Base de données sur les 
réalisatrices canadiennes
accueil recherche parcourir à propos contact English

Recherche rapide par nom de famille

Double Happiness

Réalisé par Mina Shum
Canada, 1994 (fiction, 87 minutes, couleurs, chinois cantonais / anglais)
Autre titre : « Bonheur aigre-doux »
Double Happiness
Image : © First Generation Films

Description du film [en anglais] :
« Irreverent, cheeky and daring, Jade Li is a twenty-two-year-old aspiring actress looking for love and her place in the world. Like so many members of Generation X, she's culture bound. What's worse is she still lives at home with her Chinese family. Jade seeks Double Happiness, a way to keep loving her family deeply, while exploring the possibilities and the pain of a young woman growing up in the nineties. As Jade struggles to maintain the balance of her two worlds, she must answer the question she's been trying to avoid: you've got one life to live, what's it gonna be? »
-- Office national du film du Canada (source)

Générique (partiel) :
Scénario : Mina Shum
Produit par : Stephen Hegyes, Rose Lam Waddell
Interprètes principaux : Sandra Oh, Stephen Chang, Allanah Ong, Frances You, Callum Keith Rennie
Images : Peter Wunstorf
Montage images : Alison Grace
Musique : Shadowy Men on a Shadowy Planet
Société de production : First Generation Films, National Film Board of Canada / Office national du film du Canada

Prix décernés à Double Happiness

Notes sur Double Happiness


Citations de la réalisatrice [en anglais]

« A lot of men have come up to me and told me they can relate to Double Happiness, which is one woman's journey. If you can just get your work to the consumer and let them judge. It's just that some people in marketing, and they are often not women, tend to categorize towards gender. »
-- Mina Shum (source)

« I went and watched Double Happiness with the first paid audience [...], and I noticed the Asian population who were in the theatre laughed that much harder, related that much deeper to this movie that I made, and it's because they're just dying to see themselves, we're just dying to see an honest representation of us. And I think that's one of the reasons I made movies in the first place. »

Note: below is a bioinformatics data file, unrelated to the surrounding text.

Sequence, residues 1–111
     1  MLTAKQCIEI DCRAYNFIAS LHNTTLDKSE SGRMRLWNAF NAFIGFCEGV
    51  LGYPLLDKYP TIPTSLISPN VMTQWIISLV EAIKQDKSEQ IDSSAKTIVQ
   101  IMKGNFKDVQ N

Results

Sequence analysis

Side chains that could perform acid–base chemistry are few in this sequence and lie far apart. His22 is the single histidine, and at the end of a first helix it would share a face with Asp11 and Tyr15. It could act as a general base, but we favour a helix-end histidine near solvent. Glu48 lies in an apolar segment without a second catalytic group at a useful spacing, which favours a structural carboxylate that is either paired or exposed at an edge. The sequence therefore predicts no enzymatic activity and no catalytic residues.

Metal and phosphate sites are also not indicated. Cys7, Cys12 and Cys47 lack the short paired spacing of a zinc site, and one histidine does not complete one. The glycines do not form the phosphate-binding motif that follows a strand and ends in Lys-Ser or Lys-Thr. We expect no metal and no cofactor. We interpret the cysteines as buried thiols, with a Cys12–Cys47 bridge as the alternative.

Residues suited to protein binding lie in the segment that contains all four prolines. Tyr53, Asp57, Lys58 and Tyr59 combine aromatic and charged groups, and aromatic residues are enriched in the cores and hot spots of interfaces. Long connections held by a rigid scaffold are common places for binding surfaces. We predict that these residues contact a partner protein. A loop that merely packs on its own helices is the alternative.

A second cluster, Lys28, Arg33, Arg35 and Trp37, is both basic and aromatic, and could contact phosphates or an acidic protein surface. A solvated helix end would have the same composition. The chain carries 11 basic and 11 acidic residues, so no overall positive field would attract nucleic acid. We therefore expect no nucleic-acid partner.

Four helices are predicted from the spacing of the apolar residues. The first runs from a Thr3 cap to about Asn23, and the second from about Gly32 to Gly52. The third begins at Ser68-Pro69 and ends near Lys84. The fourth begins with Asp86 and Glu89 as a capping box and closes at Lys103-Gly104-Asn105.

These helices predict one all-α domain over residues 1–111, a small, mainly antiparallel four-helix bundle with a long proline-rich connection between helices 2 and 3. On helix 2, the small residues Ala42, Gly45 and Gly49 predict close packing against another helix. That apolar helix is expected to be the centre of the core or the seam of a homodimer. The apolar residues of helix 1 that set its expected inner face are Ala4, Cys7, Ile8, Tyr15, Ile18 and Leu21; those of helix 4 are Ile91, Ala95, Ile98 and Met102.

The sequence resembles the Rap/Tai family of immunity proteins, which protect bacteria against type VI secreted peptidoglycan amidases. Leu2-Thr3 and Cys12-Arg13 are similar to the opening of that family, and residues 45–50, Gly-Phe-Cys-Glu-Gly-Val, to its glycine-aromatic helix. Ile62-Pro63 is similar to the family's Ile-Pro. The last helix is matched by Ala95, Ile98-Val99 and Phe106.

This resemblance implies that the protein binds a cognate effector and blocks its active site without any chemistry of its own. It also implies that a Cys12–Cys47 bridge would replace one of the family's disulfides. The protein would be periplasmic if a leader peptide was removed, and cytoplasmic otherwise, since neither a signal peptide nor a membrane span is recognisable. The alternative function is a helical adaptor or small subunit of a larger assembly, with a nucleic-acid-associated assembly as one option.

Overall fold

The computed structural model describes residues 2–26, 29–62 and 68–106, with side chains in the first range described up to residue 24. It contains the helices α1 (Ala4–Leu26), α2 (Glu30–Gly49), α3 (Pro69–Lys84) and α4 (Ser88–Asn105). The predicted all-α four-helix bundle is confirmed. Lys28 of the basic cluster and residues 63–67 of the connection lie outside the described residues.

-- Mina Shum (source)

« If I'd made this film [Double Happiness] when I was 18, the dad would have been a bad guy. But I've come to understand the difficulty of coming to a new country where your education means nothing, humbling yourself, dealing with racism. He has to deal with that and he has to raise his family with a sure hand. I wanted to show the complexities of the situation rather than pretend I have any answers. »
-- Mina Shum (source)

Citation sur Double Happiness

« Stylisé et anti-naturaliste, ce premier long métrage [Double Happiness] fait preuve de beaucoup d'assurance, tant au niveau de la direction d'acteurs que de la mise en scène. Privilégiant les couleurs saturées et les apartés des personnages à la caméra, Mina Shum trace un portrait à la fois personnel et distancié, sans la lourdeur des premières oeuvres, d'une famille chinoise qui aurait sans doute pu être la sienne. »
-- Mario Cloutier (source)

Citations sur Double Happiness [en anglais]

« Double Happiness visits the familiar 'caught between two cultures' genre that aestheticized migrant tales often rehearse. This film, however, revitalizes expectations of the 'struggle for happiness'—cultural conflict between traditional parents and their modern 'Canadianized' children—and combines it with a coming-of-age tale. »
-- Kass Banning (source)

« [Mina] Shum's auto-referential aesthetic, her self-reflexive play with cinematic and televisual technologies of representation that have produced stereotypes of Chinese in North America, and constructed the dominant mythology of the white family as a norm in their failure to represent families of colour, is signalled to the viewer in the film's establishing shots. »
-- Christopher Gittings (source)

« In Double Happiness, the device that most overtly breaks the narrative flow is direct address to the camera. The film begins with Jade (Sandra Oh) holding a clapperboard and describing her family, and later her parents and sister also describe their feelings to the camera. As Jade points out, her family is not quite the Brady Bunch, but her allusion invites us to consider the similarities as well as the differences. »
-- Jim Leach (source)

« Stephen Chang, who plays my father, is a Rambo guy, a kung-fu guy. [...] You can't speak to him with metaphors. [Mina Shum] would talk to him very physically, literally block his every action in a very Hitchcockian way. 'Turn you head a little bit. Don't open your eyes too much. Just say the lines.' With me, she'd speak on a very, very broad emotional level, about memories, colors, feelings. Mina has an astute sensibility about how people respond to direction. »
-- Sandra Oh (source)

« Mina Shum's debut feature, Double Happiness, is a film that challenges the scopic drive of mainstream Hollywood films by intervening in what Ann Kaplan calls 'dominant looking relations'. The film, the first feature produced by a Chinese Canadian woman, self-consciously plays with its North American audience's expectations of cinematic gaze, narrative voice, subjectivity, and racial stereotypes. »
-- Eleanor Ty (source)

Bibliographie sur Double Happiness

Chapitres de livres

Brèves parties de livres

Articles de revues scientifiques

Articles de journaux, de revues grand public ou de sites d'information en ligne

Sites Web sur Double Happiness

accueil recherche parcourir à propos contact English